How far out can you get? With a sailboat and plenty of time, the planet is yours.

Some of the greatest personalities in history have taken to the sea. Jack London sailed throughout the Pacific on his yacht, the Snark, and General George Patton, between the two world wars, of course with not much to do, bought a boat, taught himself to sail and took his family to Hawaii aboard his boat, named When and If. Many sailors make the journey, like the clip featured below.

Indeed, sailing is a grand and romantic thing, but it’s also brutal and cold and exciting and precise and jaunty and relatively inexpensive. I recommend anyone who has the means to get into this fine outdoor activity.

Not everyone can manage a Joshua Slocum style voyage, making 30-day passages to exotic islands and spinning the yarns that come from such adventures, but just about anyone can get their hands on a used sailboat and learn the arts of the sailor.

Generally, a trailer sailor is a good boat to start with. These are boats between 17 and 23 feet, which can be launched from a trailer, of course. And to learn on one of these is not as difficult as it may seem. In virtually every city, including Phoenix, Ariz., a brave new sailor can find water and a place to learn.

Some of the best elements of sailing as an outdoor activity can be found in the simplicity of it. When you’re underway, making maybe seven knots in a stiff breeze, the boat held tight by the water, leaning hard against the wind, rising and crashing as she plows forward, there’s a sense of being strapped into the planet that is unrivalled. Of course, also, there are many things to watch out for: What if that shroud breaks? Will an accidental jibe send me over? Will the boat tip too far and be swamped? These are the parts of sailing that make it a sport: That things can go wrong very quickly. This, to me, is the essence: Sublime and silent travel on wind and water, and a very real possibility of getting into serious trouble. What could be better? And of course, the adventure gets folded into a journey. On the other end of the voyage lies a new port worth exploring, or a hidden cove waiting for discovery. It’s the stuff of legend, really. And any sailor will tell you that Jimmy Buffet’s “Cheese Burger in Paradise” is not at all about the cheese burger. It’s very much about the trip itself.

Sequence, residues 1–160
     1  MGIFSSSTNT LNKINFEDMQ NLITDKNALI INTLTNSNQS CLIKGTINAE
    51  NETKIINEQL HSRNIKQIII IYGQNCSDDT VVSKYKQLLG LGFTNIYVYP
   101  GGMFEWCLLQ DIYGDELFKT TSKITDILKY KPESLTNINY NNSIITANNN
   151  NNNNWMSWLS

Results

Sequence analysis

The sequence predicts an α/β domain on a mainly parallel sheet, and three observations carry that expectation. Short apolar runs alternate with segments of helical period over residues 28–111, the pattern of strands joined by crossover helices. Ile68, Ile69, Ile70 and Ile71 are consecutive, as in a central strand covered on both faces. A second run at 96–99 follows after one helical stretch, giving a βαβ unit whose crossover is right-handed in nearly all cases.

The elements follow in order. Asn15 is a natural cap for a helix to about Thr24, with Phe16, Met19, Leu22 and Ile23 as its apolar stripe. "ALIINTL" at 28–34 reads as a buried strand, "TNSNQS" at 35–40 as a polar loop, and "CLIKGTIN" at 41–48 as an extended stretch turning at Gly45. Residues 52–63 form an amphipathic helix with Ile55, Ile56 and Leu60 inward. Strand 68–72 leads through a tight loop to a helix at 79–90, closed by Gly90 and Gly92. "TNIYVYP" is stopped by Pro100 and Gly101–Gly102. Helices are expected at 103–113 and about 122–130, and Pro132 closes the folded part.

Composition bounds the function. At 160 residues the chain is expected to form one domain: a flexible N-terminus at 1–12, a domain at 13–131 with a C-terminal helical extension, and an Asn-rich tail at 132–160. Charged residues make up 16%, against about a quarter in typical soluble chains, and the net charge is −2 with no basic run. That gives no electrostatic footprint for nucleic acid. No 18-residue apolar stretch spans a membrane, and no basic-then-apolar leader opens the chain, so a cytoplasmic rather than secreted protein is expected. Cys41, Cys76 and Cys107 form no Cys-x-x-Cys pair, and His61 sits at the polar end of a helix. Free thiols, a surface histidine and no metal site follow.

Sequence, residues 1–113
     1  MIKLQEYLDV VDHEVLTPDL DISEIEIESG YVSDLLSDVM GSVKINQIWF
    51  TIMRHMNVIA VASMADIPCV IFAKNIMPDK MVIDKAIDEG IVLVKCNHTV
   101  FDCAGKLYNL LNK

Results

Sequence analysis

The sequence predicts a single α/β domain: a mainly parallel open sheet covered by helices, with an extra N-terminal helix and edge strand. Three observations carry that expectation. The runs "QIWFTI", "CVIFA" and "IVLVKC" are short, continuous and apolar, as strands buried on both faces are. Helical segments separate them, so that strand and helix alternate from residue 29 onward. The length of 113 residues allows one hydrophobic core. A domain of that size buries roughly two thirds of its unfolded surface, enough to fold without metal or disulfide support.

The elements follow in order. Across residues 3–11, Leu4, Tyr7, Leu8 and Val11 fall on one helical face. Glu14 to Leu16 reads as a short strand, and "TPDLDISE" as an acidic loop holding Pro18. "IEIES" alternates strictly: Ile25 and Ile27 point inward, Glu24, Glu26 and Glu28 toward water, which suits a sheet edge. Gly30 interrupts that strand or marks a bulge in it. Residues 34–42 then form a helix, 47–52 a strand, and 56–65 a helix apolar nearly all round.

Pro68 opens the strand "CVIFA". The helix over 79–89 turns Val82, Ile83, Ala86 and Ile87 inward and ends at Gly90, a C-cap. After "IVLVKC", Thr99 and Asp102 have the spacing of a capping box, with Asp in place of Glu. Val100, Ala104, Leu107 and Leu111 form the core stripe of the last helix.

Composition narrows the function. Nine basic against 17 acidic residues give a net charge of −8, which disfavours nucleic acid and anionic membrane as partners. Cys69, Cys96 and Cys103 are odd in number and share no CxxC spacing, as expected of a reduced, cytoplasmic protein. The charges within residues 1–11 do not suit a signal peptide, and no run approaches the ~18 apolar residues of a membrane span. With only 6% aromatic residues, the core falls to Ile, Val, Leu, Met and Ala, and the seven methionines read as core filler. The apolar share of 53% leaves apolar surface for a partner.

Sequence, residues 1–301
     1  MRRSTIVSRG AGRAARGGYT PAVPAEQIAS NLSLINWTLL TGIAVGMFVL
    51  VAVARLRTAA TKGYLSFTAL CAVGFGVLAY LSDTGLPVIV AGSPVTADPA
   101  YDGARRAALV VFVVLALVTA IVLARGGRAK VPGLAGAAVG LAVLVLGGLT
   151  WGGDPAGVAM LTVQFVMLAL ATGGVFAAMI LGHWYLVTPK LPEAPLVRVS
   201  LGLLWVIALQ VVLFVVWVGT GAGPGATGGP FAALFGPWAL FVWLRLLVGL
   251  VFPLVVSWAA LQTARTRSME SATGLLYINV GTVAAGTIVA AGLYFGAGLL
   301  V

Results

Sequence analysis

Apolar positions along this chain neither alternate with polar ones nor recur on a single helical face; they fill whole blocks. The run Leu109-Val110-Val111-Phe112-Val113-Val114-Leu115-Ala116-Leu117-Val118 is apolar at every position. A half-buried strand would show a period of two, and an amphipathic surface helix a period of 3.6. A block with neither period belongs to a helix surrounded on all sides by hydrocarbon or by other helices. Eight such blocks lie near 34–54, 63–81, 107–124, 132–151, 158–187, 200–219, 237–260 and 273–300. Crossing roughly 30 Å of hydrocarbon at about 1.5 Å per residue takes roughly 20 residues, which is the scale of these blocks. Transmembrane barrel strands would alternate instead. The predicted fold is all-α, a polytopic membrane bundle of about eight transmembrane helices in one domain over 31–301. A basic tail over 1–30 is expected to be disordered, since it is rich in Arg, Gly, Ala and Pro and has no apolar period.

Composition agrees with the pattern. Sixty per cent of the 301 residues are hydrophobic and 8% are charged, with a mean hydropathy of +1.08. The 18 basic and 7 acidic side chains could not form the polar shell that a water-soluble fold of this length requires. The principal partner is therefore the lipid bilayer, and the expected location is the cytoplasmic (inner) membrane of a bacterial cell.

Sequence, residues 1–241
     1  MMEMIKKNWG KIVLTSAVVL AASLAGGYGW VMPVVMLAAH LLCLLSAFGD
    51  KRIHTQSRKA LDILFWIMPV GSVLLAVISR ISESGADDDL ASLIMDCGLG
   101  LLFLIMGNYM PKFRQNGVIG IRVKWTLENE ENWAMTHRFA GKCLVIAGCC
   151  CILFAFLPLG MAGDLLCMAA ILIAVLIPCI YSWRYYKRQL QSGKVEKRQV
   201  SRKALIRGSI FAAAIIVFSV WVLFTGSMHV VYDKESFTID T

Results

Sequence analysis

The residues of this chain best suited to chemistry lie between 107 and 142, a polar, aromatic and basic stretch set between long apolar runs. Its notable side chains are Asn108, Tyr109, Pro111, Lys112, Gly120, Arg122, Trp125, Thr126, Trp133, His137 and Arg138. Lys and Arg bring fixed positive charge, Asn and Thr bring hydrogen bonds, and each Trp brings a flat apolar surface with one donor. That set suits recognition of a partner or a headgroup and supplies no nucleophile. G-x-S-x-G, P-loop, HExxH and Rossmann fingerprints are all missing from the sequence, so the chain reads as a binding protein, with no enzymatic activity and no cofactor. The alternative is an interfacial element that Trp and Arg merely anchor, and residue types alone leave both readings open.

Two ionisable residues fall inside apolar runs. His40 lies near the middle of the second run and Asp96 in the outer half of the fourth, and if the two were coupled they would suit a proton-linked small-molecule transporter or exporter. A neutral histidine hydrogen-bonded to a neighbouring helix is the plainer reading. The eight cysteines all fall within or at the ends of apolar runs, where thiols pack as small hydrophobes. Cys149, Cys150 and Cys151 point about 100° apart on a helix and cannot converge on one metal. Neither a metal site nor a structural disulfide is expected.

An intrepid new sailor can get into a seaworthy boat for just a couple thousand dollars. If you like to work on boats (which as a sailor, you should), then you can find one for a smaller investment.

Photo credit: Bento Potosi